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Full text of "Journeys In Persia And Kurdistan ( Vol.Ii)."

52                      JOUENEYS IN" PERSIA           LETTEE xvm

people even clutched my clothing, and hands were raised
to heaven to implore blessings on me if I would attend
to them.

The whole village of Kalahoma was out, thronging,
pressing, and almost suffocating me, and the Khan's serv-
ants who came to meet me did not or could not dis-
perse the people, though every man holds his life at the
Khan's disposal. These villages, which are surrounded
by opium fields, are composed of the rudest of human
habitations, built of rough stones, the walls being only
five feet high. There is much subterranean room for
cattle. The stacks of such winter fodder as celery and
Centaurea alata, and those of kiziJcs for fuel, are larger
than the dwellings. The latter are of conical form, and
many of them are built on the house roofs.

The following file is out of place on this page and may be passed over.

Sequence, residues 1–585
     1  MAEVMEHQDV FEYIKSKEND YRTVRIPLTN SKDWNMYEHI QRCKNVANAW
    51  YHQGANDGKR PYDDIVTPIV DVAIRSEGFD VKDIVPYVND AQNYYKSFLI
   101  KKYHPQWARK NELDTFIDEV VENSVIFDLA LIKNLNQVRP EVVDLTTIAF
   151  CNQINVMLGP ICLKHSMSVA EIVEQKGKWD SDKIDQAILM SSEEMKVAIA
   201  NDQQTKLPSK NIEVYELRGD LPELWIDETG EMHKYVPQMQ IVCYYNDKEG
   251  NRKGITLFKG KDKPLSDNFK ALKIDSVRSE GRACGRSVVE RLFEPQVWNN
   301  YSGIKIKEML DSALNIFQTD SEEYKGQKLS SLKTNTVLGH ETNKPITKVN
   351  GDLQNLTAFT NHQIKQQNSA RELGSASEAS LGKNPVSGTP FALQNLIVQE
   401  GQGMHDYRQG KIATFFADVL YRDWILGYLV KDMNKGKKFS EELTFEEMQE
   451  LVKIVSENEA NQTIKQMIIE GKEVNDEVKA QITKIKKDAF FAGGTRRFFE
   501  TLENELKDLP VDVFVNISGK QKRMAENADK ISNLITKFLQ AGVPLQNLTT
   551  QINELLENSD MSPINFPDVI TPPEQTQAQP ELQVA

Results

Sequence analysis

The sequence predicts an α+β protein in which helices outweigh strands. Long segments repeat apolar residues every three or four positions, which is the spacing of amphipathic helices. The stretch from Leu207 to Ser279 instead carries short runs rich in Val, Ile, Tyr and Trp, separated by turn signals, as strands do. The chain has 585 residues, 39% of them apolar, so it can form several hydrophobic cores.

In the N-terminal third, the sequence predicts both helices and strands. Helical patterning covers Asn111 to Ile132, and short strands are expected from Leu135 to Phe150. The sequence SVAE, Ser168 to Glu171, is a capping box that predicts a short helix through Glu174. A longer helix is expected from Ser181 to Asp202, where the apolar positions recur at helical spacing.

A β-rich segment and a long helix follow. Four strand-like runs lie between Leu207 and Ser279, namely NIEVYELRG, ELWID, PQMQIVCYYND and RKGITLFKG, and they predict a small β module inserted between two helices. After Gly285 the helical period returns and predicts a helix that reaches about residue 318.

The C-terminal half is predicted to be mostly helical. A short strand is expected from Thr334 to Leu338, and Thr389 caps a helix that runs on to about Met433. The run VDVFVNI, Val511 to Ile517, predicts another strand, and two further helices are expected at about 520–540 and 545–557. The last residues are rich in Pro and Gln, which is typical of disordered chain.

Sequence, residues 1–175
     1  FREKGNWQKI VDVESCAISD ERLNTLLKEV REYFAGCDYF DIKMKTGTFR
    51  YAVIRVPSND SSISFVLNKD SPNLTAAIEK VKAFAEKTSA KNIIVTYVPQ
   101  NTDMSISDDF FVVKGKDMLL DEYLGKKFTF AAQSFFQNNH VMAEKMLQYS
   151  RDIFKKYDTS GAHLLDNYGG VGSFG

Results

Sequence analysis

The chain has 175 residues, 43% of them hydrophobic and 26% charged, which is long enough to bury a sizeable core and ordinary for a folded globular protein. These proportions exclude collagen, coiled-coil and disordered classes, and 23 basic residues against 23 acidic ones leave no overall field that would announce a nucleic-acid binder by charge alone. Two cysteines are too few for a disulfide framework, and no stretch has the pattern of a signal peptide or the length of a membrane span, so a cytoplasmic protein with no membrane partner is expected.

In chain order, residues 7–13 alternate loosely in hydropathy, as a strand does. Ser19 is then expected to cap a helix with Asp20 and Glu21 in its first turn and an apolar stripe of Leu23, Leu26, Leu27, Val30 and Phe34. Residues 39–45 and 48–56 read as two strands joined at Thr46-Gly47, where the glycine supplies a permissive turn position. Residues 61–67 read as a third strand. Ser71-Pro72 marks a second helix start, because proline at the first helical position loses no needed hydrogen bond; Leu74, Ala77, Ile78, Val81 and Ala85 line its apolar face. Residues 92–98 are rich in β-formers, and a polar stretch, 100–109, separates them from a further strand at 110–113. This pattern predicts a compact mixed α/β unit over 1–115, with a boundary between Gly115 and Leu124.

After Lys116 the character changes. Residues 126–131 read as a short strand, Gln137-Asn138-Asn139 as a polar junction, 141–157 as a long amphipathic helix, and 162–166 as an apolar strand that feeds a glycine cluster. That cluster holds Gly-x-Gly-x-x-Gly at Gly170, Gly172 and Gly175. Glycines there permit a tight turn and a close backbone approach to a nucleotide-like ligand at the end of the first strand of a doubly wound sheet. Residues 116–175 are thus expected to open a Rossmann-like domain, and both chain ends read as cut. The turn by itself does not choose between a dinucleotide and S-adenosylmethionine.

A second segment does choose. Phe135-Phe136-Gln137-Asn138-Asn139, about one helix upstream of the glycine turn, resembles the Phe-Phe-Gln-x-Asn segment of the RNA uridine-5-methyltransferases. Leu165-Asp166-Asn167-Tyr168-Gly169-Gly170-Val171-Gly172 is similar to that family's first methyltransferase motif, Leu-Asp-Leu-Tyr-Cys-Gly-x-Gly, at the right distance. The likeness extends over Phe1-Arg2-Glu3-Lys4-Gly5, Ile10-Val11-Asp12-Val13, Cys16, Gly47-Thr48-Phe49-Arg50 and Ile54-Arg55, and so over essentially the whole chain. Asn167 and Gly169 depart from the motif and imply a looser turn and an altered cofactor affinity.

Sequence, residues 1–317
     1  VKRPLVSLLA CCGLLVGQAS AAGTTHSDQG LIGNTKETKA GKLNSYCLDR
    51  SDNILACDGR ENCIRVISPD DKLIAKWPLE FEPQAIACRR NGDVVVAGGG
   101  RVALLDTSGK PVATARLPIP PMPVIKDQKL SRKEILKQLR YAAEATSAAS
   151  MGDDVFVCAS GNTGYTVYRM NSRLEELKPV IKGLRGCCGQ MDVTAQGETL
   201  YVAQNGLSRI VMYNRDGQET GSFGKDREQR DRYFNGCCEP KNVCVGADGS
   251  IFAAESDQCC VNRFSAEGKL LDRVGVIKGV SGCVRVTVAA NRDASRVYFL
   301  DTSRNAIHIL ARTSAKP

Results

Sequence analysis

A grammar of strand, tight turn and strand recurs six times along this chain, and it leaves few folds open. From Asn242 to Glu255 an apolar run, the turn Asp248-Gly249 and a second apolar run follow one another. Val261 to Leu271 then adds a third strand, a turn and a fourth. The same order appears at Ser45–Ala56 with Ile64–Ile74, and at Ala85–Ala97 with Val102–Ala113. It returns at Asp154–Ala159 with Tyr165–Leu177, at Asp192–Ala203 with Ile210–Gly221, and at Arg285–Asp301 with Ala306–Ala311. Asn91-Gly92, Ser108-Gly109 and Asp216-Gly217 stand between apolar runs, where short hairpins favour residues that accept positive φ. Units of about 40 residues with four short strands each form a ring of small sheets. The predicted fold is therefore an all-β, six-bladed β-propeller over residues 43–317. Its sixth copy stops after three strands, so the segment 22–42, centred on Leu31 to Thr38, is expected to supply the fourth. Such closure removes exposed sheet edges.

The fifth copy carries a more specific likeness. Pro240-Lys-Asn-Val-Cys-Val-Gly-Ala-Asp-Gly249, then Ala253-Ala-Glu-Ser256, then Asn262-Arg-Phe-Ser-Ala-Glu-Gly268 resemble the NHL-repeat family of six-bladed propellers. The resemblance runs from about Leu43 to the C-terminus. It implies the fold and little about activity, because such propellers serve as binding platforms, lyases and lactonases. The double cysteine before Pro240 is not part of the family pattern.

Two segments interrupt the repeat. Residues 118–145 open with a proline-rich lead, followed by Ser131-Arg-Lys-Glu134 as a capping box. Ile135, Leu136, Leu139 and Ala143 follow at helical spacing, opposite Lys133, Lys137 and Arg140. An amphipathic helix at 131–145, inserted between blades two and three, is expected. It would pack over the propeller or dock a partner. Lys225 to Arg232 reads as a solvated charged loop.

Taimur Khan's fort and serai are in the midst of all
this, and are very poor and ruinous, but the walls are
high, and they have a lalakhana. As I approached the
ladies came out to meet me, veiled in white cotton
chadars. The principal wife took my hand and led me
through a hole in the wall, not to be called a doorway,
into a courtyard littered with offal and piled with stacked
animal fuel, and up some high dilapidated steps, into a
small dark room, outside of which are a very small "lobby"
and a blackened ladder against the wall, leading to the
roof, on which the ladies sleep in the hot weather. Some
poor rugs covered the floor, and there were besides some
poor cotton-covered bolsters. Everything, even the dress
of the ladies, indicated poverty. The dark hot room
was immediately packed with a crowd of women, children,
and babies, all appallingly dirty. It was a relief when
the Khan was announced in the distance, and they cleared
out like frightened sheep, leaving only the four wives,
who stood up at his approach, and remained standing till
he was seated.